Still, it won't belong before soccer starts-up again in Europe and some real competition, in a real free-market will bring real entertainment to the airwaves.

Until that time: Go Red Bulls!

Dick Mac Recommends:

UEFA Champions League 2006-2007
Electronic Arts


Anonymous said...

I always love reading what you write about sports because you are passionate about it and it doesn't seem to fit the other things that you are passionate about- politics, music, art, etc.
That being said there are a few interesting wrinkles in ownership in the US. That is- the Toledo Mud Hens and the Green Bay Packers - both of whom are owned by their fans.
I visited my uncle this weekend and he mentioned that there is a very successful soccer star who is (at least part) Jewish. Is this true? As a child, all we ever had in the hebrew school books were Mark Spitz and Sandy Koufax. Please advise.
Hope all is well with you.

DM said...

Thank you, Adam!

I think there must be at least one Jewish soccer star.

Certainly Maccabi Haifa, and all the other teams in the Israeli Premier League, must field a Jew or two!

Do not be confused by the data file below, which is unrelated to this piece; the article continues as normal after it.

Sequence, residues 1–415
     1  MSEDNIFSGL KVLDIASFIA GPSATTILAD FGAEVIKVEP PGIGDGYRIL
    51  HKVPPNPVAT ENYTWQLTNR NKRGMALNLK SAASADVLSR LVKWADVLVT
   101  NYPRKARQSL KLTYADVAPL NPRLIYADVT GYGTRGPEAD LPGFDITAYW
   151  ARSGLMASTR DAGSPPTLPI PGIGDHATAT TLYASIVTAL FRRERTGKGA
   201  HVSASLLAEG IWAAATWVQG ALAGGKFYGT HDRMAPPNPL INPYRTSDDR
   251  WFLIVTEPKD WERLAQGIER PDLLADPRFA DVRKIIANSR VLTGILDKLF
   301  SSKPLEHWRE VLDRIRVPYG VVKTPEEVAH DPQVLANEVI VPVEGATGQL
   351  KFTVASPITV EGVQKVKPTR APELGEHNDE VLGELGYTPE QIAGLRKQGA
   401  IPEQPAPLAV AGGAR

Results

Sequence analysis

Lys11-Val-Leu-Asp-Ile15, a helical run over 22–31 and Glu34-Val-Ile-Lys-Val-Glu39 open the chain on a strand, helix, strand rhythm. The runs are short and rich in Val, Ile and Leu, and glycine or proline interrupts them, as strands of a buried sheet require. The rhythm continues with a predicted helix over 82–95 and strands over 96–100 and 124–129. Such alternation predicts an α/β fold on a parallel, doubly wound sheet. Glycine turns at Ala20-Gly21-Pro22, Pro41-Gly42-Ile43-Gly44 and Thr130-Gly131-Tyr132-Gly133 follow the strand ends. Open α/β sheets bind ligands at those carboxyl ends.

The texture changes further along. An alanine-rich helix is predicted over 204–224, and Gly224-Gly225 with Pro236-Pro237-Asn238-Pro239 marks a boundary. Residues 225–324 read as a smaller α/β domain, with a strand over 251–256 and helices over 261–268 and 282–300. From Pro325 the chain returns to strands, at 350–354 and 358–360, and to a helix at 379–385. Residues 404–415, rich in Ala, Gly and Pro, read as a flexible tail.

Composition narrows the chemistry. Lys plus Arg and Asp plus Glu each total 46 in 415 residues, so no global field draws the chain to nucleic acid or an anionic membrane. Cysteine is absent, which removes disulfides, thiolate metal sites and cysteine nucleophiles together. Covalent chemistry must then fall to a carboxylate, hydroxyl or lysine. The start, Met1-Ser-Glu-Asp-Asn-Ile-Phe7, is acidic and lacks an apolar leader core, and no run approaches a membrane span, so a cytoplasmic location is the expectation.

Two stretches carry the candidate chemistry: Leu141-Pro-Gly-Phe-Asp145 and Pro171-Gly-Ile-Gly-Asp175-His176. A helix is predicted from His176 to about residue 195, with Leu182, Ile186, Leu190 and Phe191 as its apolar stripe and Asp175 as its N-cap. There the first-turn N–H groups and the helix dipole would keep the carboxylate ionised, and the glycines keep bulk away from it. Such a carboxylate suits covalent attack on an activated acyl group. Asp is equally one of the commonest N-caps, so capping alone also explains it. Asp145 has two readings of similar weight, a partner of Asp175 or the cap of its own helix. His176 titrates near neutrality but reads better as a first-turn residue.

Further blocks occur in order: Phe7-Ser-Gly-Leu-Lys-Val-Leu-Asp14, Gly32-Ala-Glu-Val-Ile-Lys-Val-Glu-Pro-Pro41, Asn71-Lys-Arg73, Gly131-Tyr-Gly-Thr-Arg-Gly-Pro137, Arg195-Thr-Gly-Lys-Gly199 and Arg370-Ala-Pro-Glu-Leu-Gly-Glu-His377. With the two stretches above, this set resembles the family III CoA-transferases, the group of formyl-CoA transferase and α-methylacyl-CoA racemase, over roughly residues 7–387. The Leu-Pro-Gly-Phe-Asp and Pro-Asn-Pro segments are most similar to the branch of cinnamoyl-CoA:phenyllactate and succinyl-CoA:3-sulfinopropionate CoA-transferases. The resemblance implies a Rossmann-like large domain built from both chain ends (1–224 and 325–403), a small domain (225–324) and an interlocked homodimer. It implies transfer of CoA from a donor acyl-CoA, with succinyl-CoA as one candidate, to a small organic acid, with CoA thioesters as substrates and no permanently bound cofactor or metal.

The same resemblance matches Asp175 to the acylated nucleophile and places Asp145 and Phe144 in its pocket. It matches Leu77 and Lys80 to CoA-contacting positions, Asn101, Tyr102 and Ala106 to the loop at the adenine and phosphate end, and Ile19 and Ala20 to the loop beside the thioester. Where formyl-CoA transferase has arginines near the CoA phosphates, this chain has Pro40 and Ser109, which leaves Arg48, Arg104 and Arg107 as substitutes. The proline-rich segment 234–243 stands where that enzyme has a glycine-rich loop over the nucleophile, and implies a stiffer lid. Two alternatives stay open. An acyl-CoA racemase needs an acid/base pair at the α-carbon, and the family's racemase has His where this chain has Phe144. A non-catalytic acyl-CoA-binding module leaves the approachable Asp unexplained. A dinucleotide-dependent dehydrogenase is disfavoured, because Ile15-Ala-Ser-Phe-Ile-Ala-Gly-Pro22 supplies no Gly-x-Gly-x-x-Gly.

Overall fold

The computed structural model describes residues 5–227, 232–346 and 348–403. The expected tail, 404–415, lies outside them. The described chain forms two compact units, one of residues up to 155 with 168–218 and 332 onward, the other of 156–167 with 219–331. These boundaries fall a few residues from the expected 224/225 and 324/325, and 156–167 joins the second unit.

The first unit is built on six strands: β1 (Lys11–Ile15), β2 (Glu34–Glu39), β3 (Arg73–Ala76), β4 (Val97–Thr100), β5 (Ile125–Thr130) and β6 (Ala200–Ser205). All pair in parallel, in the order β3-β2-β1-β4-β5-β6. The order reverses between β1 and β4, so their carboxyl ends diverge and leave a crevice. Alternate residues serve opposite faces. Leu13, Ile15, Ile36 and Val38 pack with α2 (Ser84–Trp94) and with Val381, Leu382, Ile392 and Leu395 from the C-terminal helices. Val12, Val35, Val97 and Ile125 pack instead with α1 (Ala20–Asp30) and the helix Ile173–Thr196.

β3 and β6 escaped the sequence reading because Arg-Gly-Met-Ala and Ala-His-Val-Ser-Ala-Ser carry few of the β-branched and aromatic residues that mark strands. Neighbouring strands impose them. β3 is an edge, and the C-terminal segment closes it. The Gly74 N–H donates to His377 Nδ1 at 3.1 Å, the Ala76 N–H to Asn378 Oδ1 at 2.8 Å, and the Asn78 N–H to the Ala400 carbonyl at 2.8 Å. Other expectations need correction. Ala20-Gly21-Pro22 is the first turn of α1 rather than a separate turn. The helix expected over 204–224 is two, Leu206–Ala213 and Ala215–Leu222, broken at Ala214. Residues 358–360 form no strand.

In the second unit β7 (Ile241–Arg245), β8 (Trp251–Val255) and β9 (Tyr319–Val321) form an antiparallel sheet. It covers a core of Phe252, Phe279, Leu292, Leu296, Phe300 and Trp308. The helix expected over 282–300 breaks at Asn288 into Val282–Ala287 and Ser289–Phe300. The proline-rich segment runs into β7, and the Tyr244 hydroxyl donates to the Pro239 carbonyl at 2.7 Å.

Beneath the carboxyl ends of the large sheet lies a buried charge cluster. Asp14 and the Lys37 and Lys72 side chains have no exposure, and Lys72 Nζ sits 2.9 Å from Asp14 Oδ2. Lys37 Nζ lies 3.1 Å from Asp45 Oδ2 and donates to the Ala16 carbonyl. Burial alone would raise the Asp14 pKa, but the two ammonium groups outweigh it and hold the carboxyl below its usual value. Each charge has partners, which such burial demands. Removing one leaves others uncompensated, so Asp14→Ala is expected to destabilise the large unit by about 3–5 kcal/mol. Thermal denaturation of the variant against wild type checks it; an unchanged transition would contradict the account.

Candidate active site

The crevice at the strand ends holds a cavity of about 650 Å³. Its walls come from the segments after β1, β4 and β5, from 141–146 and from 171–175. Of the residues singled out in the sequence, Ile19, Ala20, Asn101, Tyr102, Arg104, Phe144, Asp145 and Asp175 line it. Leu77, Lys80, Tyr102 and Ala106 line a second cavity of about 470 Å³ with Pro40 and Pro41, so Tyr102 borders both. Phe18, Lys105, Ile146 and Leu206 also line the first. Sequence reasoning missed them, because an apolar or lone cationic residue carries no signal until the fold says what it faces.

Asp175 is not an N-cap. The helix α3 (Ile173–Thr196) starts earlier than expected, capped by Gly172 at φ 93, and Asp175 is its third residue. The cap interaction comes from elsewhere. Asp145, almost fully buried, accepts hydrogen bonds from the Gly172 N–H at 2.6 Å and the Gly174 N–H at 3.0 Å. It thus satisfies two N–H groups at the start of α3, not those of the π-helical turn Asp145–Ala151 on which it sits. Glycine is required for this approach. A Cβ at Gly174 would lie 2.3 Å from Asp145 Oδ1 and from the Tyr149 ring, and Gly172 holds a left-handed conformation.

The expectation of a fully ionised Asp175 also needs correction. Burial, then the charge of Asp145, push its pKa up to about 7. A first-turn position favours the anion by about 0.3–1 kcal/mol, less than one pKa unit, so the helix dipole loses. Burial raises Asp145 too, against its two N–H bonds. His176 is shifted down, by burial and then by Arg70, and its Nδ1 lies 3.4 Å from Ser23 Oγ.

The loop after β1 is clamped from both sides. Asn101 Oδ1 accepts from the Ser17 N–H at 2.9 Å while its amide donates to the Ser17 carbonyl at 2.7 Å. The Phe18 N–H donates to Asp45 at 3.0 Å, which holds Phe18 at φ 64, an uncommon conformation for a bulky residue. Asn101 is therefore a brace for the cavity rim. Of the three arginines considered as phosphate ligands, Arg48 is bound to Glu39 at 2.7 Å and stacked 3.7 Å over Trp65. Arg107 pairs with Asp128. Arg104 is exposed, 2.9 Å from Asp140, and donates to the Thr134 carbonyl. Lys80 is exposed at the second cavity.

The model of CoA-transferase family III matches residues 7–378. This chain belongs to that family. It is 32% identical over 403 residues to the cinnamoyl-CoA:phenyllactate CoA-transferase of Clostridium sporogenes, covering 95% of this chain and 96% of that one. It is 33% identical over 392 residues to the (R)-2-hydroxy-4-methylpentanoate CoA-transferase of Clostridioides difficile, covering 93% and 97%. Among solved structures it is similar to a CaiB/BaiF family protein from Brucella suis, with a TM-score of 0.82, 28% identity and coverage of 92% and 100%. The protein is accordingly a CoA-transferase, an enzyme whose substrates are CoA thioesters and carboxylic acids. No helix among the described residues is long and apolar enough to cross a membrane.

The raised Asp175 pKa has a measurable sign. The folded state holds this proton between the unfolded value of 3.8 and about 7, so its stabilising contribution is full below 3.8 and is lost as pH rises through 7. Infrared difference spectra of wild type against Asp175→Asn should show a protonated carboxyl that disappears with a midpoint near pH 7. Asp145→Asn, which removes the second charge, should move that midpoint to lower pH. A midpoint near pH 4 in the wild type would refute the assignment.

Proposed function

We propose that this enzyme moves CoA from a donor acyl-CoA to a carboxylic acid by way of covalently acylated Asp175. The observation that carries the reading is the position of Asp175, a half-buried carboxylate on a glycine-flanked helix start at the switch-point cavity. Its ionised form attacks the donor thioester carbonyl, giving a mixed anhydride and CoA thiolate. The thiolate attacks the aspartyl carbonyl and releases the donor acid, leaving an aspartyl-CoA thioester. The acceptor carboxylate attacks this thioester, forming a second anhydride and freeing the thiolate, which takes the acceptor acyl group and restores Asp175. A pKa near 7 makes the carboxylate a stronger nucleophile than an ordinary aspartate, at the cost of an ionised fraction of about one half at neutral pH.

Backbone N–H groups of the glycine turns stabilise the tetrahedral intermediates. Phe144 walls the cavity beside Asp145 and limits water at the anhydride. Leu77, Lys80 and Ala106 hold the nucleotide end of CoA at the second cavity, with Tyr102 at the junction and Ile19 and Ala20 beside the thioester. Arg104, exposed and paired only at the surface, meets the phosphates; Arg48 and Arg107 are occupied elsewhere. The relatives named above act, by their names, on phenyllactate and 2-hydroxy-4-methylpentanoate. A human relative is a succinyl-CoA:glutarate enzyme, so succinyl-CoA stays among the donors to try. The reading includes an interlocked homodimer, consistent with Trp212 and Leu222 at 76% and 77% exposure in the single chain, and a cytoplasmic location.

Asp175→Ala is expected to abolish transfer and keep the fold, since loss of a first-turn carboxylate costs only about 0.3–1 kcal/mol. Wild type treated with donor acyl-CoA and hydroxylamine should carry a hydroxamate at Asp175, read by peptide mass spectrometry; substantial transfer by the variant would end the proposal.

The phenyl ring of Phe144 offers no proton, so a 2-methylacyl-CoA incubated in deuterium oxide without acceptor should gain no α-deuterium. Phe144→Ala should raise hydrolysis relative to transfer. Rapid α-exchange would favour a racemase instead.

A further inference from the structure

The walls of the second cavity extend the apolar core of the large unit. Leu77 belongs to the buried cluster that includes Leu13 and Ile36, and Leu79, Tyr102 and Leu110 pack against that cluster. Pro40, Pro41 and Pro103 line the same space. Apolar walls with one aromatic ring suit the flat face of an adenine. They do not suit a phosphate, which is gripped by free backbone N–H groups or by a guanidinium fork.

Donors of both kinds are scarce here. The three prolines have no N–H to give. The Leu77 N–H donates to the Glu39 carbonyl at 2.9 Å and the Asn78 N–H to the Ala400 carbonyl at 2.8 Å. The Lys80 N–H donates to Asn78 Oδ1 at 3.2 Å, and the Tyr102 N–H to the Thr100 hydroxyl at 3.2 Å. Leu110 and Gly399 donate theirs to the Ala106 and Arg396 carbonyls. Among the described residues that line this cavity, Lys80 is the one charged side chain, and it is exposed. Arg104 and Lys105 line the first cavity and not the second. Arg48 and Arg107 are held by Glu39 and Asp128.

Haifa, along with Maccabi Tel-Aviv, usually enjoy spots in the UEFA Cup competition (because, as you know, Israel is part of Europe).

manuel said...

I'm glad I found your blog post, Dick, but I felt I had to point out that playoffs have invaded the English game as well. The 3rd promotion place into the Premier League isn't given to the 3rd-placed team, but rather awarded to the winner of the promotion playoffs (between the teams that finished 3rd through 6th). Similar playoff setups exist in the rest of the Football League, and have for roughly the past 20 years.

Still, I think I would enjoy American leagues more if they ran promotion/relegation. There are some teams out there, baseball jumps to mind, where the owners are raking in the cash by spending as little as possible on the team.

I occasionally spend my free time drawing up ways in which American leagues could be restructured to accomodate the promotion/relegation system.

DM said...

Yes, Manuel, playoffs have struck England, but they have not eliminated the idea that winning the league is still winning the league and cannot be taken away!

I would love to see your US sports realignment schemes. i do the same thing. Baseball seems so simple to do because they already have different levels of leagues, but ther eis no way someone like Bud Selig or George Steinbrenner would agree to the notion that they might end-up in AAA!

Can you imagine!